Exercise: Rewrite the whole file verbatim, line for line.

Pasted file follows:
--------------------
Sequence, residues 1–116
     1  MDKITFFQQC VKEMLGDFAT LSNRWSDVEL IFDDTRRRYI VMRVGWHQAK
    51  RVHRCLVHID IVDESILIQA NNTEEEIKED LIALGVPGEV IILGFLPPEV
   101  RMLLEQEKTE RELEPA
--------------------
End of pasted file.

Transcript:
Sequence, residues 1–116
     1  MDKITFFQQC VKEMLGDFAT LSNRWSDVEL IFDDTRRRYI VMRVGWHQAK
    51  RVHRCLVHID IVDESILIQA NNTEEEIKED LIALGVPGEV IILGFLPPEV
   101  RMLLEQEKTE RELEPA